Managing Financial Risks and Compliance with Technology

  • Banks manage risk practices in-house, which requires significant financial and technological expertise. Outsourcing a bank’s regulatory management through RaaS is now a potential avenue and can be an alternative for those who want to quickly benefit without large investments in talent and tools.
  • Banks deal with multiple risks, including market, credit, and cyber-risks.
  • To deal with market risks, financial institutions must (1) shift to stressed VAR (SVAR) — a more stable risk measure due to its much longer look-back horizon (2) revise internal market risk-related models (3) shift to digital technologies to aid in balance sheet risk management and minimize the impact of macroeconomic fluctuations
  • To better manage credit risks, financial institutions must (1) strengthen their credit risk capabilities (2) recalibrate internal credit risk models (3) digitize through cloud and AI to better integrate credit risk management practices and enhance risk coverage.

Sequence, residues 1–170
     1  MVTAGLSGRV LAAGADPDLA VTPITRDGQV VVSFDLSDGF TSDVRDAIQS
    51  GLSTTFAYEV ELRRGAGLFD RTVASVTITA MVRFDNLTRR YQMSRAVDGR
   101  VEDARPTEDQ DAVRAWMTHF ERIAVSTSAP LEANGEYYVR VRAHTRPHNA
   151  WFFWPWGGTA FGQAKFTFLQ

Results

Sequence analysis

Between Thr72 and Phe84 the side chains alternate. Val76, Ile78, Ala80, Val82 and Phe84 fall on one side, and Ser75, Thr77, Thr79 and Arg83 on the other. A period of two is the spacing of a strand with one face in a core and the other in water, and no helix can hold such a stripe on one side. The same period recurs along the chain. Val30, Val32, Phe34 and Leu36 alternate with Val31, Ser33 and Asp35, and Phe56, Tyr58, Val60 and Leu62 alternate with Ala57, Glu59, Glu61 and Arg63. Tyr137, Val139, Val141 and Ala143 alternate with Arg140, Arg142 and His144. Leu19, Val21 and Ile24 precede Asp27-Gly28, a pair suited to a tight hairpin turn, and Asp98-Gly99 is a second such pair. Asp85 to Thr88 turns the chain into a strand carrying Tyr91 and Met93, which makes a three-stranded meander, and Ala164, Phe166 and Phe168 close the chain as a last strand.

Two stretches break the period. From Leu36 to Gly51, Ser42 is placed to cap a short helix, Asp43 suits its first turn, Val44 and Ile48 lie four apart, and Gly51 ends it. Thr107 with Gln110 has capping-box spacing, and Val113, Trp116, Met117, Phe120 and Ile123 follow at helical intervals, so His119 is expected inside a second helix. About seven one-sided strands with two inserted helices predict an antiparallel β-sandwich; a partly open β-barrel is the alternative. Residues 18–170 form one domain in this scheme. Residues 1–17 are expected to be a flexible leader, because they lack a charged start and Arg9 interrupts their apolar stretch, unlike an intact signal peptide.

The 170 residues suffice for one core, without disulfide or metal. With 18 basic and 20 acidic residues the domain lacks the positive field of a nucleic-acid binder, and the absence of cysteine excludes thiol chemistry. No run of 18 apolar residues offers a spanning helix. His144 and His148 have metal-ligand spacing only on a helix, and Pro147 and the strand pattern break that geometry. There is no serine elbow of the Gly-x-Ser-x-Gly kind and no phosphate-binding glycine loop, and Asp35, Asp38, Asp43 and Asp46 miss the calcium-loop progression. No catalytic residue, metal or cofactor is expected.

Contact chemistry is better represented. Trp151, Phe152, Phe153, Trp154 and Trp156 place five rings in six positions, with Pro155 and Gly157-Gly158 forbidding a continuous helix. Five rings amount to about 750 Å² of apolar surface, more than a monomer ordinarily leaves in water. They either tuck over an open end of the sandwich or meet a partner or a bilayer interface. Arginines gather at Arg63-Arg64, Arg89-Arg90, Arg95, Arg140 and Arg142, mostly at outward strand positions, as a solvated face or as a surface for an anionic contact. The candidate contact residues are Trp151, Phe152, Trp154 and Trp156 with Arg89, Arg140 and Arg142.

• To better manage cyber risks, regulatory changes are being brought in such as (1) U.S. regulators require banks to report cybersecurity incidents within 36 hours of a breach being identified (2) the New York State Department of Financial Services issued a new cyber insurance risk framework outlining the industry’s best practices (3) PSD2 strong customer authentication requirements came into force in 2021 to curb frauds in online and contactless offline payments.
  • To better manage cyber risks, financial institutions must (1) must keep pace with the emerging trends and regularly assess their cyberhealth (2) stakeholders must be continuously educated and trained on cybersecurity best practices (3) AI capabilities can reinforce cybersecurity defenses.

Heightened risks and aftermath

COVID-19 has increased risks and made them harder to predict. The global economy shrank 3.1% in 2020 vs. 0.1% after the 2008 global financial crisis.1 According to McKinsey, banks globally could witness a cumulative revenue loss between $1.5 trillion and $4.7 trillion in the time span 2020-2024.2 Markets too have been significantly volatile. The S&P 500, for example, fell 34% in March 2020, before rising 25% in April 2020. This volatility has hastened regulatory changes in several jurisdictions, widening the regulatory divergence globally. Economic risks and related uncertainties are unlikely to diminish soon.